Tag Archives: Porsche 944

1986 Audi Coupe GT: Disposable Sports Car #9

This Craigslist ad is a terrific example of precisely how not to sell your car. The Audi Coupe GT was the poor man’s Ur-Quattro and was the foundation upon which the Coupe Quattro was based. It is the Porsche 924 to Audi’s 944 – separated by driveline differences and more importantly big, bulging fender flares. Still, the Coupe GT is a worthy car in its own right and while not a sports car in the traditional roadster, rear wheel drive sense offered a very 1980s GT driving experience in the same market niche as the Honda Prelude, Toyota Celica, and arguably the Alfa-Romeo GTV but with a distinctly Germanic flair. In any case, there is no excuse for someone – clearly an enthusiast – who owns this car not to take the time to present it properly to his potential customers.

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1987 Porsche 944: Disposable Sports Car #8

It was 1986, and she had just moved to my buddy Dave’s neighborhood. I was 15, she was 16, and despite my awkward teenageness, she agreed to a date with me. That night I experienced two first times, unfortunately neither was that one I was hoping for. You see, she fell ill (or did she?) and had to go home early. Since she drove and I didn’t she took me back to her house for her dad to drive me home. First #1 was that she had an early pop-up headlight Accord which I thought was cool (and still have a soft spot for – was also the first car I coached my wife through buying) and got to ride in; and First #2 was the ride in her dad’s new Porsche 944. I’d been in Porsches before (two, I think), but never a 944. Bear in mind “Sixteen Candles” was still all over HBO, and really, who among us wasn’t jealous of Jake Ryan and his 944? Find this example here on Craigslist in Boston, Massachusetts for just $3,495.

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1983 Porsche 944: Disposable Sports Car #5

If you were a teen with raging hormones in the 1980s, then surely you remember Sixteen Candles – Long Duk Dong, Samantha’s undies, and most importantly Jake’s 1983 Porsche 944 (and his dad’s Rolls Corniche). That year the Porsche 944 was introduced in the US as a replacement for the lackluster 924, sporting fat fender flares and a 2.5 liter watercooled inline-4 designed by Porsche (basically half of a 928 motor) in place of the 924’s 2.0 liter Audi-sourced motor. Add to it the rear-mounted transaxle, and the result was a very well-balanced car – Car and Driver calling it the “best handling production car in the world” for example – and one that was powerful enough to be handfuls of fun on all types of roads. Road tests of the day placed 944 performance in the mid-8 seconds 0-60mph and nearing 140mph on the top end.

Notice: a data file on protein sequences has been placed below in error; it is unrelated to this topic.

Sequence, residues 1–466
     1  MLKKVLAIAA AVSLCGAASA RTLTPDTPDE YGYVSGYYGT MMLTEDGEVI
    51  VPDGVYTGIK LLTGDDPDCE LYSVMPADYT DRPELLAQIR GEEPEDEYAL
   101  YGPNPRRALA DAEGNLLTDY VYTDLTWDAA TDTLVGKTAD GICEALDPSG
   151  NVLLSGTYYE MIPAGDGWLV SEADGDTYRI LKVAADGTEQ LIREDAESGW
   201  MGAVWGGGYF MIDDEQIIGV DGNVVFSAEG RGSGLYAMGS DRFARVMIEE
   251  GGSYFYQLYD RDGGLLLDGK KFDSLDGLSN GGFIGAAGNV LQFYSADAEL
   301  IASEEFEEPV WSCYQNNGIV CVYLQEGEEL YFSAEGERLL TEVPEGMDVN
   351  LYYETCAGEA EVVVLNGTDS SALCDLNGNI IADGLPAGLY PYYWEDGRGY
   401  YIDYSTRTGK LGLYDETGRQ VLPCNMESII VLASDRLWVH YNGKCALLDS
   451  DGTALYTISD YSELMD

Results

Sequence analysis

These days many 944s, especially early ones, have fallen into states of disrepair due to basic ambivalent neglect on the part of their owners. This example for $2500 on craigslist in Tyson’s Corner, Virginia may have some needs here and there, but appears mechanically solid and even has functioning AC. If top-down driving isn’t necessarily your bag there are very few, if any, cheaper ways to get behind the wheel of a Porsche – but it is a Porsche through and through.

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Scirocco Successor: 1993.5 Volkswagen Corrado SLC

I was in college in 1990 when the Volkswagen Corrado was finally released as the replacement for the MkII Scirocco – and one of my quadmates had a very early one. I loved the Corrado’s sharp lines which – to my mind – more resembled the original 1970s Scirocco than the softened second-gen. If I think really hard, I can still remember the way that car smelled of a combination of leather and plastic, and perhaps a little bit of Wolfsburg as well. This dark metallic green car, with just under 42,000 miles and bone stock to the eye, represents a welcome change from the usual ultra-modified Corrados which are all too commonplace these days. Find it here on VWVortex in Southern California for $8,500.
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1983 Mazda Rx-7: Disposable Sports Car #3

Around the late 1970s and early 1980s, small, affordable, two-seat sports cars were a dying breed. Sure, you could still spend tens of thousands of dollars on a new Porsche 911 and even more on a Ferrari, but sports cars for everymen were few and far between. Enter a small niche manufacturer out of Japan by the name of Mazda. Mazda was not the typical Japanese car company building what would become a mainstream empire similar to the likes of Toyota and Honda, rather the company embraced an image of sporting innovation with just a dash of quirky. Their biggest challenge to convention was their use of the Rotary engine, like you will find in this clean and inexpensive 1983 Mazda Rx-7 here on eBay in Bend, Oregon with a buy it now price of just $2700.

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